Association Executive Addresses Long Term Care Insurance as a Solution for Seniors

A new study finds that many U.S. seniors have enough savings to handle health care costs beyond what Medicare covers. Director of the American Association for Long-Term Care Insurance urges more pre-retirement education and planning.

Los Angeles, CA, September 22, 2012 --( More pre-retirement financial education and planning is vital for the future of America’s growing senior population urged Jesse Slome, executive director of the American Association for Long-Term Care Insurance, an industry trade group.

The expert referenced a new report that called attention to the fact that most U.S. seniors have trouble saving enough money to handle costs beyond what Medicare covers.

The report, based on data from federally funded U.S. Health and Retirement Study, was conducted over the past two decades. Researchers reported that the average out-of-pocket health care spending by households of Medicare recipients in the last five years of life was nearly $39,000. They noted that 10 percent of recipients spent more than $89,000, while 5 percent of recipients spent more than $139,000.

“The amount of spending varied with the person's illness,” Slome noted when speaking to individuals about the growing long term care crisis facing an aging nation. “Study participants with Alzheimer's disease or dementia spent the most for health care, averaging about $66,000 and those with cancer spent about $31,000, non of which takes into account long term care expenses which are generally not covered by Medicare.”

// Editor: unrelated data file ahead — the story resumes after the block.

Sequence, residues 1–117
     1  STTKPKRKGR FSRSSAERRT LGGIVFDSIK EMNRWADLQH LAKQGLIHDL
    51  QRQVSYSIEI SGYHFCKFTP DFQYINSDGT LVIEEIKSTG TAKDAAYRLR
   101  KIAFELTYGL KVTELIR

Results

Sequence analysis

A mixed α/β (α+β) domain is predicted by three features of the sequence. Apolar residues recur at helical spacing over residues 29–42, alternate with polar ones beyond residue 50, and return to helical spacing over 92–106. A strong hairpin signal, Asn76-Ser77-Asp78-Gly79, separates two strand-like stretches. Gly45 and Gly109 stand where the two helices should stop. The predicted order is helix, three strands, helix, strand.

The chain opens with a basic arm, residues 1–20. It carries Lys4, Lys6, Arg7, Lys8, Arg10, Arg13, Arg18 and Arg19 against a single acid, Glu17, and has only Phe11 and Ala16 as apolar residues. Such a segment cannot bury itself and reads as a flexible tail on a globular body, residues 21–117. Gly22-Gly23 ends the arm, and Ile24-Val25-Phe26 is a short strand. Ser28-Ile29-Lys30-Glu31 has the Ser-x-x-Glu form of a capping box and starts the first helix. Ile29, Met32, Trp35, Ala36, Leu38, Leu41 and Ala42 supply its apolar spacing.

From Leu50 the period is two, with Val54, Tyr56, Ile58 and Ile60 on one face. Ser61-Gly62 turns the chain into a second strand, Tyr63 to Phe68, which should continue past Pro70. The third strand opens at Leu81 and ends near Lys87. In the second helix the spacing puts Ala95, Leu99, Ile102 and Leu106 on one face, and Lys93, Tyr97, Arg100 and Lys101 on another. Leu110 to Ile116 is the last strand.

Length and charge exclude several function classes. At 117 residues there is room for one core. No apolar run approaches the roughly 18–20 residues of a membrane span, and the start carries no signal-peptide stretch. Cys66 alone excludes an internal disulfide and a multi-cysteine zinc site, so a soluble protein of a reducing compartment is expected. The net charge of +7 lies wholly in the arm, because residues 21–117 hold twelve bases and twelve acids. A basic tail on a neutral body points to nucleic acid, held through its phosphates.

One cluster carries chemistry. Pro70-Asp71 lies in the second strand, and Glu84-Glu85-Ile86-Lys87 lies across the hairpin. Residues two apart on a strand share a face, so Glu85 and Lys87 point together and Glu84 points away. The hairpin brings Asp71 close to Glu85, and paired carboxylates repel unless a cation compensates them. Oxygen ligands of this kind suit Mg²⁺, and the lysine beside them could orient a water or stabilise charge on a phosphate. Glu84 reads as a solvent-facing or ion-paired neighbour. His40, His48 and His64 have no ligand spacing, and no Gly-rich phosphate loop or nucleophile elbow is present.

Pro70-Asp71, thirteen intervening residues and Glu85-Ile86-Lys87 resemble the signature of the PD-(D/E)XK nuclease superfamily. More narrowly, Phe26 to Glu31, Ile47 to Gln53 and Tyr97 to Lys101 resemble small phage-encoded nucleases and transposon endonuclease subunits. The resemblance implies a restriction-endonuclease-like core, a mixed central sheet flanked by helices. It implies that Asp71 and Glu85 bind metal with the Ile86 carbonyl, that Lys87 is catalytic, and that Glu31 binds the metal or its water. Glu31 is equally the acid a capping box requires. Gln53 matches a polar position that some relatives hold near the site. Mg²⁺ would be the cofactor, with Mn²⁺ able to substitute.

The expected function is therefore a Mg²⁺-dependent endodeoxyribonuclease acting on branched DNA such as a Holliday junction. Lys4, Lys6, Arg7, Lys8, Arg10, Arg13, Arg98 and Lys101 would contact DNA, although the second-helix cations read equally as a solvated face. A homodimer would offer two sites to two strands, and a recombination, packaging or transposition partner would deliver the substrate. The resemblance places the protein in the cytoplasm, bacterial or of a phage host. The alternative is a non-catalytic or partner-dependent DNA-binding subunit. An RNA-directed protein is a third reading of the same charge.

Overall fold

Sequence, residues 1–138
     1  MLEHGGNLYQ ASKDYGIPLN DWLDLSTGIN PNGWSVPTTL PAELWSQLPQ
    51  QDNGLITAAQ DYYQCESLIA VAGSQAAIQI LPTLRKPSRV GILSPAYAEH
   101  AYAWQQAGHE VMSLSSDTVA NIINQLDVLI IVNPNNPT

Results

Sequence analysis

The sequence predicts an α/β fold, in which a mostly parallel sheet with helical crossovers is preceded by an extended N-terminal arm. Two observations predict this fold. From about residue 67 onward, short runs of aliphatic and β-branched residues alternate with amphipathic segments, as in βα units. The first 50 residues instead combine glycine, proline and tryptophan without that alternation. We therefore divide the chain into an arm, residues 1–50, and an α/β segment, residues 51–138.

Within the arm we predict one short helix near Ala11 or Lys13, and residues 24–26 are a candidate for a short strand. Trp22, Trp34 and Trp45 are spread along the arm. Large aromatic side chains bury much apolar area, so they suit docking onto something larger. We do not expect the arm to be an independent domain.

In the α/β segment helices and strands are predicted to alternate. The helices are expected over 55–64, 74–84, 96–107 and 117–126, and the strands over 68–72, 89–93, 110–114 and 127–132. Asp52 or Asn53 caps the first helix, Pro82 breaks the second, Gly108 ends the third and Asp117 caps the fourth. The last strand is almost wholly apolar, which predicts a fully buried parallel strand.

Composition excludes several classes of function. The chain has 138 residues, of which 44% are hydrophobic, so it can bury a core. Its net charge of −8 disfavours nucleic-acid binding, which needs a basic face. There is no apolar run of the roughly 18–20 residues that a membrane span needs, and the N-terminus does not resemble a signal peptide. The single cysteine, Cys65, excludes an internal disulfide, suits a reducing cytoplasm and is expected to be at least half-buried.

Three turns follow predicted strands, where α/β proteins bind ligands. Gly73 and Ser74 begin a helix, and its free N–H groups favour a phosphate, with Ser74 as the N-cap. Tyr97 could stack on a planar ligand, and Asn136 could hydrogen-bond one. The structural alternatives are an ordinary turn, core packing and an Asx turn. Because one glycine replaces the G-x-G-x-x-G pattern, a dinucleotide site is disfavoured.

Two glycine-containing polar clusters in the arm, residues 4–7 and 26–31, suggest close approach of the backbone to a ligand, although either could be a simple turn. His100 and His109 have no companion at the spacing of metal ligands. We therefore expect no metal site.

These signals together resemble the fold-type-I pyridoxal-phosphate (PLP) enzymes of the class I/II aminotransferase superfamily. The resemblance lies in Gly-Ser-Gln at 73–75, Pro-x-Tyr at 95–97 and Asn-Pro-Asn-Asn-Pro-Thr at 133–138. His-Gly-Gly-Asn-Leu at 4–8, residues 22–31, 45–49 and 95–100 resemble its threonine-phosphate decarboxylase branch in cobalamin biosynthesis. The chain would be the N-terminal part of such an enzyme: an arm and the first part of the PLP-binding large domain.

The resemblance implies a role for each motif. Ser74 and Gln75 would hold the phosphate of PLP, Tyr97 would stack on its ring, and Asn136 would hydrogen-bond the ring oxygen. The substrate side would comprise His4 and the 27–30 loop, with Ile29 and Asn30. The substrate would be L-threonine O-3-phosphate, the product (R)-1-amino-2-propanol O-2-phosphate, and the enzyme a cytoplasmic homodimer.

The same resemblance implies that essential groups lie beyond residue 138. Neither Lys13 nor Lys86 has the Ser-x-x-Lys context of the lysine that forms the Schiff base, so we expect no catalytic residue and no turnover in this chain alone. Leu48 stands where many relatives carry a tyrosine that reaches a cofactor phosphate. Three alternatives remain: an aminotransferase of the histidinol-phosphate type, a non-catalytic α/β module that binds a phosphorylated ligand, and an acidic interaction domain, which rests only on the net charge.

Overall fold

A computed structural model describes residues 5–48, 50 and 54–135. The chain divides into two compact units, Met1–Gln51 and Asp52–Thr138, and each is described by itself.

Indeed the study’s authors agreed citing that "The biggest problem for many families is covering long-term care." Chief study author Dr. Amy Kelley, assistant professor of geriatrics and palliative medicine at the Mount Sinai School of Medicine, in New York City, works with patients and families who are struggling to make decisions while facing financial challenges.

Experts note that about $400,000 in savings or insurance protection is generally necessary to ensure that end of life expenses will be covered. “Most people without that level of savings can affordably transfer some of the risk to an insurance company by purchasing Medigap insurance as well as long term care insurance,” Slome adds. “While Medigap can be purchased at age 65 when you qualify for Medicare, long term care insurance should be purchased prior to retirement when it is more affordable and one is able to health qualify,” Slome notes. “Far more pre-retirement education of consumers would greatly reduce the burden on individuals and ultimately on taxpayers who pick up the lion’s share of the bill for care.”

The American Association for Long Term Care Insurance was established in 1998 to advocate for the importance of planning for long term care and to support insurance and financial professionals who market LTC insurance. To learn more about long term care insurance costs call the organization’s offices at (818) 597-3227 or visit the Association’s website.
American Association for Long-Term Care Insurance
Jesse Slome